Resources for Beginning Investors

There are several great tools out there for beginning investors. But the trick is finding the ones that will best fit your unique needs. This is easier said than done — all of the options can feel overwhelming.

To start, group your tools into one of three buckets: research, budgeting and management, and investing. In each of these categories, you should be able to find basic apps that are free — I wouldn't recommend paying for anything until you’ve tested the app and know it fits your requirements. Here are some of my favorite resources:

1. Research: Whether your are experienced or just starting out, all savvy investors research possible investments. There are many free websites that track stock-specific information, including Google and Yahoo! Finance. Most of these will show similar information, so there is no need to follow them all — find the one that is easiest for you to access and understand.

If this is truly your first foray into investing, I would recommend you spend some time studying the fundamentals of the stock markets and investing. I am always checking out The Motley Fool and DailyWorth for tips, advice and overall industry news.

2. Budgeting and Management: This bucket is also important for all investors. Before you make an investment (as well as after), you need to maintain control over your budget in order to properly manage your investment. My two favorite budgeting tools are SigFig and LearnVest.

SigFig allows you to track all of your accounts and investments in one place. Once you have shared your accounts, SigFig can make recommendations on diversification, management and even ways to decrease fees! It will help you understand the "big picture" for all of your investments.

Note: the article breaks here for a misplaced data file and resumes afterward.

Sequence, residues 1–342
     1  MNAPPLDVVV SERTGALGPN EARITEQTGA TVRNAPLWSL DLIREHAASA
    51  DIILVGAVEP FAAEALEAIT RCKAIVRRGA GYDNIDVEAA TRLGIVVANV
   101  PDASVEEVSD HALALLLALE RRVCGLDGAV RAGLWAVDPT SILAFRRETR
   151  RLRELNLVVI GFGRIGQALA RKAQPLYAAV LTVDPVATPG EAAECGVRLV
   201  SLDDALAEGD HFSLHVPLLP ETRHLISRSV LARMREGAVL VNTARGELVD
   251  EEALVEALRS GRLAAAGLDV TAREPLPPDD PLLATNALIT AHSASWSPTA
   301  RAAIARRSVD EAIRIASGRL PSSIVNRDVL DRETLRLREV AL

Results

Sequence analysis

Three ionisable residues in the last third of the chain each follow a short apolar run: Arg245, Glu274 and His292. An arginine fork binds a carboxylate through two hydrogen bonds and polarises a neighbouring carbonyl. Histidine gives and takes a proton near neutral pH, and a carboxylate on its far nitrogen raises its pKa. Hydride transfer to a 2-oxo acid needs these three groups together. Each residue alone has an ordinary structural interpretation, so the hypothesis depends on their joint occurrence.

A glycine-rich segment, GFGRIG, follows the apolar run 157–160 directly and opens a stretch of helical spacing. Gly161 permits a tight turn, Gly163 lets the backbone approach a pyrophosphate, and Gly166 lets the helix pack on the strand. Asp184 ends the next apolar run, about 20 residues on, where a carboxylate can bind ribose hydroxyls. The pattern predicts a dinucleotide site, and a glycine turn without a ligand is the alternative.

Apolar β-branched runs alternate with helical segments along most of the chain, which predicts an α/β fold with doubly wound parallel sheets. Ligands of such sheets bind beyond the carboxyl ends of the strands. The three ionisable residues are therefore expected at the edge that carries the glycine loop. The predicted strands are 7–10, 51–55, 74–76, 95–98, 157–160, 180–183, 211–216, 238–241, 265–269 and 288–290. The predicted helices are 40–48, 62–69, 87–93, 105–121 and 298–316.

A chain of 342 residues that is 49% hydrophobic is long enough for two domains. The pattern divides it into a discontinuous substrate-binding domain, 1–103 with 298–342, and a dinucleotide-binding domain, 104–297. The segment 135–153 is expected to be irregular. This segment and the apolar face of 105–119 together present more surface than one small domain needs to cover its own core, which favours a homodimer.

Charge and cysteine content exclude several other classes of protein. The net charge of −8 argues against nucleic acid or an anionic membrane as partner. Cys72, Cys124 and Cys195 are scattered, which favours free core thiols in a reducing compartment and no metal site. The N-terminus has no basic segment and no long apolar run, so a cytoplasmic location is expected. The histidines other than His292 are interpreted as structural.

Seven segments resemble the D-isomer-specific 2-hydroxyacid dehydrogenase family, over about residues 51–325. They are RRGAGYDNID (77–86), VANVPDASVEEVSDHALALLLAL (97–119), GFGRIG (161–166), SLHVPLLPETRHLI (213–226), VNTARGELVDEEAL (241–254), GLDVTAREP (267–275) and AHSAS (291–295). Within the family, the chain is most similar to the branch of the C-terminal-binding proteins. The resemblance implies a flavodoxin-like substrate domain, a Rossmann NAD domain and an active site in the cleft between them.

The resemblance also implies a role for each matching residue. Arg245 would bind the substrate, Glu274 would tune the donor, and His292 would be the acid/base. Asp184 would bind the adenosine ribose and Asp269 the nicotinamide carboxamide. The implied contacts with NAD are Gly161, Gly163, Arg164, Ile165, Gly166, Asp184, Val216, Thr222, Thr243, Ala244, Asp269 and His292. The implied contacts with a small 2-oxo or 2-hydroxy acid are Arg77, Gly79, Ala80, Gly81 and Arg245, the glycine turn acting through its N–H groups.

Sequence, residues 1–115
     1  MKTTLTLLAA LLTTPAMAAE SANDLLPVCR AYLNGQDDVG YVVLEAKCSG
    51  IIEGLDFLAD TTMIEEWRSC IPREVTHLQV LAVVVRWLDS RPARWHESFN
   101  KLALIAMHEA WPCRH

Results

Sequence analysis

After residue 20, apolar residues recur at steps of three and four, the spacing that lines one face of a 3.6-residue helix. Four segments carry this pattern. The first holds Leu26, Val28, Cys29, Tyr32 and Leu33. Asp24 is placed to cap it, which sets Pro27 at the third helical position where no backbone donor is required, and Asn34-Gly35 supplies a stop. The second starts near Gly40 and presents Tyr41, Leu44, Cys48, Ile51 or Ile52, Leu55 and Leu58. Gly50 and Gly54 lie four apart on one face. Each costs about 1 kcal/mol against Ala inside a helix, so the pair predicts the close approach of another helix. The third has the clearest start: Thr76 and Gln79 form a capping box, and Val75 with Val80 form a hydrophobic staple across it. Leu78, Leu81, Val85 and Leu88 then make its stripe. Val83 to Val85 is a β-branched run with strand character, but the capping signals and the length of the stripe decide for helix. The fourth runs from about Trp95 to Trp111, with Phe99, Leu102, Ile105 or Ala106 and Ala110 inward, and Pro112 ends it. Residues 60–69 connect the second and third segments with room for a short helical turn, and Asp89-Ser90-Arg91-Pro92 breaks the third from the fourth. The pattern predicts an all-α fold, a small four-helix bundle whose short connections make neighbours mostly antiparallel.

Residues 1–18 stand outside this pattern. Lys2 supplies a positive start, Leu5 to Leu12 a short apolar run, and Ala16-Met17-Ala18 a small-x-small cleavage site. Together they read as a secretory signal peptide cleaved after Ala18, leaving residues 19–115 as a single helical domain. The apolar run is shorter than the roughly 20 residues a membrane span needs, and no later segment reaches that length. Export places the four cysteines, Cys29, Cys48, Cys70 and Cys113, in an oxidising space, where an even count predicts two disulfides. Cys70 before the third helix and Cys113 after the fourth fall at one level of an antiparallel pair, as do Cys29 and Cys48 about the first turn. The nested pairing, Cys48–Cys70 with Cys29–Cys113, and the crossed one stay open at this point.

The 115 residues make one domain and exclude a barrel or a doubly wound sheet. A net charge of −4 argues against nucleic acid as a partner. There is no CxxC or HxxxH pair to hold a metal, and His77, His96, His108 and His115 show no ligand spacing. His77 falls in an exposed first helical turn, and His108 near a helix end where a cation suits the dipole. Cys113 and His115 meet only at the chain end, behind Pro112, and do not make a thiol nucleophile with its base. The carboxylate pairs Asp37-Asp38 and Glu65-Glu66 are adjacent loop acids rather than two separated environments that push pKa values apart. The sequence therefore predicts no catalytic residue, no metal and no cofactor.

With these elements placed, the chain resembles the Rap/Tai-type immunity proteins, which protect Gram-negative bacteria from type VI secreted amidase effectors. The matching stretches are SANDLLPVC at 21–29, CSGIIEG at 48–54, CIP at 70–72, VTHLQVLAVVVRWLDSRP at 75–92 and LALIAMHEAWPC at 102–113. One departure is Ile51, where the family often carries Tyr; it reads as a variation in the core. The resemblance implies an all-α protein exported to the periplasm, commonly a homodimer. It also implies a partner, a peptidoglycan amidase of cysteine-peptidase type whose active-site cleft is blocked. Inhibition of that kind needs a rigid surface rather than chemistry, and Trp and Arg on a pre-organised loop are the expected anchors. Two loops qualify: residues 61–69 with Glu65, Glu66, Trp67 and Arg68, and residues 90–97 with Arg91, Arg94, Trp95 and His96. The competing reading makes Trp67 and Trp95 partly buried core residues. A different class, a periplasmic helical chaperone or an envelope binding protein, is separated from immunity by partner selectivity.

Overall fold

LearnVest is my other personal favorite. The company was founded by my friend, Alexa Von Tobel, with the mission to empower people everywhere to take control of their personal finances. LearnVest can connect you with a financial planner who can help you set a budget and plan your financial future.

3. Investing: As with the other categories, there are tons of investing platforms. You can get started by reaching out to a traditional broker, or you can utilize an investing app. While a broker offers a traditional investment platform, apps provide new ways to to assess your risk profile, invest and adjust portfolios in real time.

Some of my favorite investment apps are Betterment and Motif. Betterment focuses on your risk profile and investing goals without all of the technical jargon. This tool offers investment guidance in an automated fashion with lower annual fees. Motif themes portfolios by sector — a good way to invest in what you know!

To be an experienced investor, you need the right tools to research, manage and invest. They are there to help you, so if one doesn't fit with your needs, then you don't have to use it. What are your favorites?

Emily Washkowitz is a member of the DailyWorth Connect program. Read more about the program here.

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